Convergence is proud to announce an exhibition of music & photography from Jason Hamacher’s Lost Origin Sound Series, and forthcoming book, Aleppo, Syria: Witness to an Ancient Legacy. From 2005-2010, Jason was granted unprecedented access to the Syrian city of Aleppo and was able to document the apex of Syria’s modernization as well as the last remnants of ancient traditions before the eruption of civil war. Many of the people and places that appear have passed on, vanished, or been destroyed.
The Syriac Orthodox Church is one of the oldest Christian institutions to read, write, and worship in the Syriac language, an ancient eastern dialect of Aramaic and the language spoken by Jesus Christ. The Edessian School of liturgy is the oldest form of Syriac Orthodox worship dating back to the poetry of St. Ephrem (303-373 CE) and the melodies of the Gnostic, Bardaisan (154–222 CE). Both men lived in ancient Edessa, present day Urfa, Turkey. These works have been passed down orally through the centuries and are collectively known as the Beth Gazo, or treasury of chants. The clergy of St. George’s Syriac Orthodox Church are the last people on earth to perform these largely unknown rituals.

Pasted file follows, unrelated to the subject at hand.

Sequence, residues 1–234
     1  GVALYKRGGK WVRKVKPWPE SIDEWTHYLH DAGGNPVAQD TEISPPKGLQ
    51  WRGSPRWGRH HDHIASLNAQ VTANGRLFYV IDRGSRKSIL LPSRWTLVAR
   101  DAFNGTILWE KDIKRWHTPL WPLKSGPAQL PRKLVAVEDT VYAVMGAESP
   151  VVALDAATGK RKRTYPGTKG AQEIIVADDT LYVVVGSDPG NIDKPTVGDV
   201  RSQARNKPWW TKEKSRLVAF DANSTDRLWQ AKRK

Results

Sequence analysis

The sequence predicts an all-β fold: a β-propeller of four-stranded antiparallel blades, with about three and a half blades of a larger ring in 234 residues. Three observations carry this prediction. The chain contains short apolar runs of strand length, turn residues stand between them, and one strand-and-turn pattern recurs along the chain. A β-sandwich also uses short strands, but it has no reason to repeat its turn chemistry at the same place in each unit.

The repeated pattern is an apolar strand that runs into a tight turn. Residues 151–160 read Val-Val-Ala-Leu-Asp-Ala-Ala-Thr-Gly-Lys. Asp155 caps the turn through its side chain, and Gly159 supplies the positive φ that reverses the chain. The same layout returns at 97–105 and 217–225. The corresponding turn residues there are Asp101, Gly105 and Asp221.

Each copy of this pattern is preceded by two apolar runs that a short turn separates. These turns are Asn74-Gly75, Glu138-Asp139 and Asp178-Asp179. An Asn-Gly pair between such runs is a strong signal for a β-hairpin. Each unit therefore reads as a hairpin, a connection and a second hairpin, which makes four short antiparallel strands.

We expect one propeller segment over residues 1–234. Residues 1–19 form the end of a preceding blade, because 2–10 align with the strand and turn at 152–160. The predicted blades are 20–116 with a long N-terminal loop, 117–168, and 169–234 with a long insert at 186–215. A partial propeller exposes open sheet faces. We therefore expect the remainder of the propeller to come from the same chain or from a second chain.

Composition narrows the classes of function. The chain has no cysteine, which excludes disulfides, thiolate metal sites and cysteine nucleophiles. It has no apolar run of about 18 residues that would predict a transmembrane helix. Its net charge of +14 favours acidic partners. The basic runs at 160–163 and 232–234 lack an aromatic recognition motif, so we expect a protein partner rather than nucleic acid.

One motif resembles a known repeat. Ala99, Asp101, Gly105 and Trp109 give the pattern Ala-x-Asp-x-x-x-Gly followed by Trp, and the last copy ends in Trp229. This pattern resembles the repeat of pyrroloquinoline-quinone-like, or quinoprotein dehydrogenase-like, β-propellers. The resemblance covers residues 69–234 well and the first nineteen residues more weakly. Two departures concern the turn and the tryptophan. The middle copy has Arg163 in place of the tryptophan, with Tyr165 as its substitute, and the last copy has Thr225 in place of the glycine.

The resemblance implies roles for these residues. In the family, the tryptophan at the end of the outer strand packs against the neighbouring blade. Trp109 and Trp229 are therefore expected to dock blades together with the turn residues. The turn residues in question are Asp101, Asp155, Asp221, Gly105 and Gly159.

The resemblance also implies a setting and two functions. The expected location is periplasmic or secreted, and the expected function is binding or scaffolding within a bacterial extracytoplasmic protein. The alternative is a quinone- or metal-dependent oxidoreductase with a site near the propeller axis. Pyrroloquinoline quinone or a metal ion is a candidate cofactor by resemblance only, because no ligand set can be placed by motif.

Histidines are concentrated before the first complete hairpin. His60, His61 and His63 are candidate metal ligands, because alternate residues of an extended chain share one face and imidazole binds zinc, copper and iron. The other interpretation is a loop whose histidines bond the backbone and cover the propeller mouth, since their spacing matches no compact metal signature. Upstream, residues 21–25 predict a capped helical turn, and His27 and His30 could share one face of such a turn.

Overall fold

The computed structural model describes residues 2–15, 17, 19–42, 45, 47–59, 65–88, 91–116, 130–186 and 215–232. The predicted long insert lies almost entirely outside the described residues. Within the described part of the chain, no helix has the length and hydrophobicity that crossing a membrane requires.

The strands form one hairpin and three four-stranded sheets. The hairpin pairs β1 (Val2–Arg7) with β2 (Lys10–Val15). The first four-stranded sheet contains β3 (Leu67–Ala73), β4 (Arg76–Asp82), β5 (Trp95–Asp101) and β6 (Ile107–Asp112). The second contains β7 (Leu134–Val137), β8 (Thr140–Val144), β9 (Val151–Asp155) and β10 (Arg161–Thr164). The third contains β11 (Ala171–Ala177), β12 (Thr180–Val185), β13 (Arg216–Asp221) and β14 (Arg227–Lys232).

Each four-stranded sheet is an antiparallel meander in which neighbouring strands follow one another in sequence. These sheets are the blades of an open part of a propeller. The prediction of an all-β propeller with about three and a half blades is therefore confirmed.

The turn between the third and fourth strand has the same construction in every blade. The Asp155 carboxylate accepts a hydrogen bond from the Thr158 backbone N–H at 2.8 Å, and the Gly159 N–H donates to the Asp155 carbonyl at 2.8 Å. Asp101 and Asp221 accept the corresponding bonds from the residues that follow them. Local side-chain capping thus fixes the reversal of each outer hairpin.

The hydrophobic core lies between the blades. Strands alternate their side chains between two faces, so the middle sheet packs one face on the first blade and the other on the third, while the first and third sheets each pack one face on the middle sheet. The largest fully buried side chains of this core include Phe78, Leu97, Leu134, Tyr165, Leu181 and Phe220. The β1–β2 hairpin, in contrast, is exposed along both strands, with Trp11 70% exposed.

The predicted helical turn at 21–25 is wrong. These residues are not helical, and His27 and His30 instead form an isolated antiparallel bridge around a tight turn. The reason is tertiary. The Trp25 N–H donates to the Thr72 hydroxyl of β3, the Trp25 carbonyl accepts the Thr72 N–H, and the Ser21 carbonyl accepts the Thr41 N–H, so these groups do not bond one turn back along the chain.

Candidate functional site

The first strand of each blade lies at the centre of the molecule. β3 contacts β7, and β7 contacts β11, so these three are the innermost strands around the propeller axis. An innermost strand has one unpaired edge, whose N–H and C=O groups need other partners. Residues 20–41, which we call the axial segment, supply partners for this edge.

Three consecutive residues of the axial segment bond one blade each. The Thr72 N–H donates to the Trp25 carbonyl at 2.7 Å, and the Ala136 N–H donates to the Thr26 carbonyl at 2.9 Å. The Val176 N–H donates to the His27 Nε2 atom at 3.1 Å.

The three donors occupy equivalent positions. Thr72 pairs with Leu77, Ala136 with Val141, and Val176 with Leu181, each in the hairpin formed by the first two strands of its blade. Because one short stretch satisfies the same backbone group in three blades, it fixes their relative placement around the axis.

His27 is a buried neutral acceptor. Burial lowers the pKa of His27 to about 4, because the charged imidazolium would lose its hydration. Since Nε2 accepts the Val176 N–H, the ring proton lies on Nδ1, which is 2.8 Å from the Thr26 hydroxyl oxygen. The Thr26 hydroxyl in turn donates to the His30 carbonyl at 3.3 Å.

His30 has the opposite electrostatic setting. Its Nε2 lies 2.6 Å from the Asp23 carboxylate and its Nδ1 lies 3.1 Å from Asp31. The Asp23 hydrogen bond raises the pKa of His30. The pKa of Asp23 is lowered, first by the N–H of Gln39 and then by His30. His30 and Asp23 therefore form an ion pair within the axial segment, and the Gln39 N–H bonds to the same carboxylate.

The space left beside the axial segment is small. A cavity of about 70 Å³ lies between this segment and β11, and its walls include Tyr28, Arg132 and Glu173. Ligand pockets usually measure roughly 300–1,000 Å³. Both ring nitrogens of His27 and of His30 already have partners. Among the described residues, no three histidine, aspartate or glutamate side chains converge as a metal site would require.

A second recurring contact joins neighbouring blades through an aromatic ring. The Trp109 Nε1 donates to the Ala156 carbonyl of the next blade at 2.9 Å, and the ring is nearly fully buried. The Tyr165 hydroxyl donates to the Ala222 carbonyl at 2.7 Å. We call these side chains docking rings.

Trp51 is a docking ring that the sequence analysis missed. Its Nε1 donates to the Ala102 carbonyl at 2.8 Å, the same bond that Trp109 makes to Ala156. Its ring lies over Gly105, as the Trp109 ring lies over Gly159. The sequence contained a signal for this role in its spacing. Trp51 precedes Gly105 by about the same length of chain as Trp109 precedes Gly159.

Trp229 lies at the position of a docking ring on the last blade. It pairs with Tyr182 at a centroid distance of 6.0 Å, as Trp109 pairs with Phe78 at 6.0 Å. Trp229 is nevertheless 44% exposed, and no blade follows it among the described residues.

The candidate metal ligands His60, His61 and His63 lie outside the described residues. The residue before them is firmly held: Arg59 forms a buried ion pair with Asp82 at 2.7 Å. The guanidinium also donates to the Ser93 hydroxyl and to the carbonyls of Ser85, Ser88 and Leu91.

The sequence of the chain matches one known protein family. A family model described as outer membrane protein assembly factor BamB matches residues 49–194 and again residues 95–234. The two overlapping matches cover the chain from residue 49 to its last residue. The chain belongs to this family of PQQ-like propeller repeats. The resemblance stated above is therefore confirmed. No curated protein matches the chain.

Lost Origin Productions has been granted permission from the Syriac Orthodox Church and the Embassy of Syria in Washington D.C. to record these sacred songs. For more information visit www.ourconvergence.org and www.lostorigins.com